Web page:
This series is marketed as 9+, but it is a challenging read, both thematically and in tone, for that age-group. 11+ seems to me like its natural readership, especially those able readers who are starting to lose interest in other middle grade fiction. There aren’t enough books in that gulf before teen fiction so I was pleased to discover this.

The final book in the series will be published in 2015.

The Illuminated Adventures of Flora and Ulysses 

by Kate DiCamillo

Reviewed by Sally

Have you ever wondered what would happen if…a twelve year old natural born cynic and a squirrel with super powers and a talent for writing poetry got together? If so then, The Illuminated Adventures of Flora and Ulysses is for you. If no, then you should read this book to find out why you should have asked yourself the question.

The Illuminated Adventures of Flora and Ulysses is a quirky and intelligent read for middle grade, centring around the adventures of twelve year old comic fanatic Flora, who resurrects a squirrel who has been vacuumed up by the neighbours top-of-the-range Ulysses 2000. The squirrel, Ulysses after his near death experience develops super strength, the ability to fly and advance cognitive abilities (which he channels into typing poetry). The pair instantly bond, and begin on series of gentle, funny and profound adventures as they try to outwit Ulysses’s arch enemy, Flora’s Romanic novelist mother, who has plan for the bald squirrel that novel a shovel and a sack!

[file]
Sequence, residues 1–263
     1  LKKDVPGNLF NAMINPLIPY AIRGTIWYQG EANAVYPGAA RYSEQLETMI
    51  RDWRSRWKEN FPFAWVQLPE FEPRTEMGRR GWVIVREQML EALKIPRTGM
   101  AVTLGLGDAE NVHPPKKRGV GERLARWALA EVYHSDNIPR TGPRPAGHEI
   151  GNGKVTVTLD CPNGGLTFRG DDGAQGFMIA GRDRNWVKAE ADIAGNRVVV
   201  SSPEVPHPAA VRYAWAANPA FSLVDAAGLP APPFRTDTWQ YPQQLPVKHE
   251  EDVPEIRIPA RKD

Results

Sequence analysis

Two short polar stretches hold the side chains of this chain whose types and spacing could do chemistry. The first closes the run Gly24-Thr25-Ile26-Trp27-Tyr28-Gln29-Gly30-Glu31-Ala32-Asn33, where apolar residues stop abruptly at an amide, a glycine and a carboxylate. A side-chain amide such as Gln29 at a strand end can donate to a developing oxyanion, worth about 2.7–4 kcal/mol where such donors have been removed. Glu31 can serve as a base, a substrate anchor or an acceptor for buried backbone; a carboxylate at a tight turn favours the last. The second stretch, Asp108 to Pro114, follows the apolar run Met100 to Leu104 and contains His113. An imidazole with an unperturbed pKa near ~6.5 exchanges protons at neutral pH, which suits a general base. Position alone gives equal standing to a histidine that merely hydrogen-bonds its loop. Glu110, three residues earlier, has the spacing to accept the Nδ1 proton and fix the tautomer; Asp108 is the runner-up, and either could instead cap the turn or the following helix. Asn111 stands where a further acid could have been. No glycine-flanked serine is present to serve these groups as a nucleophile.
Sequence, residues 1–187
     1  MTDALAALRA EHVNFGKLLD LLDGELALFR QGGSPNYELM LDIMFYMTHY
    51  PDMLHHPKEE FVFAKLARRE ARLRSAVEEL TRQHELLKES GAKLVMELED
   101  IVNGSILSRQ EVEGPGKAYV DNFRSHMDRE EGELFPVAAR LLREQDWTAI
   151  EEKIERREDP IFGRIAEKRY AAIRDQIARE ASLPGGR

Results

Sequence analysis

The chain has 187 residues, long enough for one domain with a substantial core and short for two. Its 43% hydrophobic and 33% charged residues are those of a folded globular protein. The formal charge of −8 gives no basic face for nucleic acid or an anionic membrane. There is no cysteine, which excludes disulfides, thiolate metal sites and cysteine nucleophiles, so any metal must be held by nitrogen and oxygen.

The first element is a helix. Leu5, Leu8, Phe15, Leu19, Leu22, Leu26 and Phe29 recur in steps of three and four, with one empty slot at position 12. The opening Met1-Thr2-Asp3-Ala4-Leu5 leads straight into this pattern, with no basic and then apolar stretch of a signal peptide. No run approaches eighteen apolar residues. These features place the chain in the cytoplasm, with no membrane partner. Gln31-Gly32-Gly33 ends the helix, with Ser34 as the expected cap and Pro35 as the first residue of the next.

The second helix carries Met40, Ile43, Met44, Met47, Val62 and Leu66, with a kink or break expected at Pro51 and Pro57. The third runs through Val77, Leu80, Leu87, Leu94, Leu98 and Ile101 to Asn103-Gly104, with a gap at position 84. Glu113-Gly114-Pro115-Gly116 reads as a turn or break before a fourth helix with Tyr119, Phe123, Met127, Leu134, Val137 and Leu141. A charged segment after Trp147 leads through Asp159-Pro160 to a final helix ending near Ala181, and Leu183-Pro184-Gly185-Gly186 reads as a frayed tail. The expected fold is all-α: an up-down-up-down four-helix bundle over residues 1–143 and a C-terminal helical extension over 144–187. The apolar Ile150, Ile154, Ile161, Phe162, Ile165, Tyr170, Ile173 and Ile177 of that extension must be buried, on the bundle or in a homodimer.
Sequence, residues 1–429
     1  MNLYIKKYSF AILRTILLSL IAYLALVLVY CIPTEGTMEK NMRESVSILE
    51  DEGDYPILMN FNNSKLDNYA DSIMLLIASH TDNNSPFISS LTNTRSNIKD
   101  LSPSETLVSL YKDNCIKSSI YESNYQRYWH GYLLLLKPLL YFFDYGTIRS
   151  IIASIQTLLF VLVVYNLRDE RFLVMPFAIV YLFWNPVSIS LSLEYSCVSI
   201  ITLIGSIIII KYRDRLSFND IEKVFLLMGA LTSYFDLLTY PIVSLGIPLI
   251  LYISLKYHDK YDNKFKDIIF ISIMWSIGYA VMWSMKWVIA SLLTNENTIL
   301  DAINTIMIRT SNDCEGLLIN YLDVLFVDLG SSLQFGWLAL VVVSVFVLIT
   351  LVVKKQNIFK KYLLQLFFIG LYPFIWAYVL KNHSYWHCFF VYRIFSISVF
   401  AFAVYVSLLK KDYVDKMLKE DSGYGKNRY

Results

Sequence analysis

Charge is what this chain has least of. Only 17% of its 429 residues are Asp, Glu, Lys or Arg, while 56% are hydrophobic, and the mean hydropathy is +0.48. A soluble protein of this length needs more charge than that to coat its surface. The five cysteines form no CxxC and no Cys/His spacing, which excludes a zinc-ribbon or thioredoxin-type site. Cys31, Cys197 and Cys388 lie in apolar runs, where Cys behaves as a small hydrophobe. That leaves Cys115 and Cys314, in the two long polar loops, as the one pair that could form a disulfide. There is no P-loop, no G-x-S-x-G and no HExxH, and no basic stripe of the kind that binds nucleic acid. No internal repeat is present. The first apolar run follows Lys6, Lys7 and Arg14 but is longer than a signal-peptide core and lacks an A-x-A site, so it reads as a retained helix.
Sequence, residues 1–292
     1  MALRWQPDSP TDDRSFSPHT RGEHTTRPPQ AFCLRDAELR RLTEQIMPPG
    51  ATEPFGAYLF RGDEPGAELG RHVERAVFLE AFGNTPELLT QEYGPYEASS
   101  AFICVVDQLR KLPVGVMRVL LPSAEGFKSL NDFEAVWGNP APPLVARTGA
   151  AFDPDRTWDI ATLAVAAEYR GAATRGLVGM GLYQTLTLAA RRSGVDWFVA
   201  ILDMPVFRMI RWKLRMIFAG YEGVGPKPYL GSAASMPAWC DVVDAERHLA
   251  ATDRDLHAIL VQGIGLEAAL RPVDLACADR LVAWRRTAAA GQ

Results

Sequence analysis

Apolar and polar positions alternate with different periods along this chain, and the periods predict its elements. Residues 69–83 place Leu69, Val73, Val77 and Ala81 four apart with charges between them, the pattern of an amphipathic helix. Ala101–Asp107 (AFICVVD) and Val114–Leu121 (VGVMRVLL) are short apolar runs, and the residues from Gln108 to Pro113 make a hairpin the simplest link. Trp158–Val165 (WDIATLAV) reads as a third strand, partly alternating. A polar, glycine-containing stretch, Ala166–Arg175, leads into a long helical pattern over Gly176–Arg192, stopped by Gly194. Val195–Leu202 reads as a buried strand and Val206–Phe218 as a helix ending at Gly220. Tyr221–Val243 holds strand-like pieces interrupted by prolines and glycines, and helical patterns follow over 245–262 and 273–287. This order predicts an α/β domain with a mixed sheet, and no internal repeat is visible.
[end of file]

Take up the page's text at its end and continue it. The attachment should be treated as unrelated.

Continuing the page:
The real strength of The Illuminated Adventures of Flora and Ulysses, is the writing, Kate DiCamillo, delivers a gentle haft warming story with plenty of action and laughs, which deliver positive messages about trust, friendship and acceptance, in an uncondescending way. DiCamillo use of language is beautiful, weaving together words in beautiful way, and not compromising on her choice of words, creating a challenging read which will be particularly suitable to advance readers. I myself had to consult the dictionary on a few occasions. To add to the quirky humour sections of the book have the action told not in words but with sequential narrative, with delightful grey scale comic strip illustrated by K G Campell.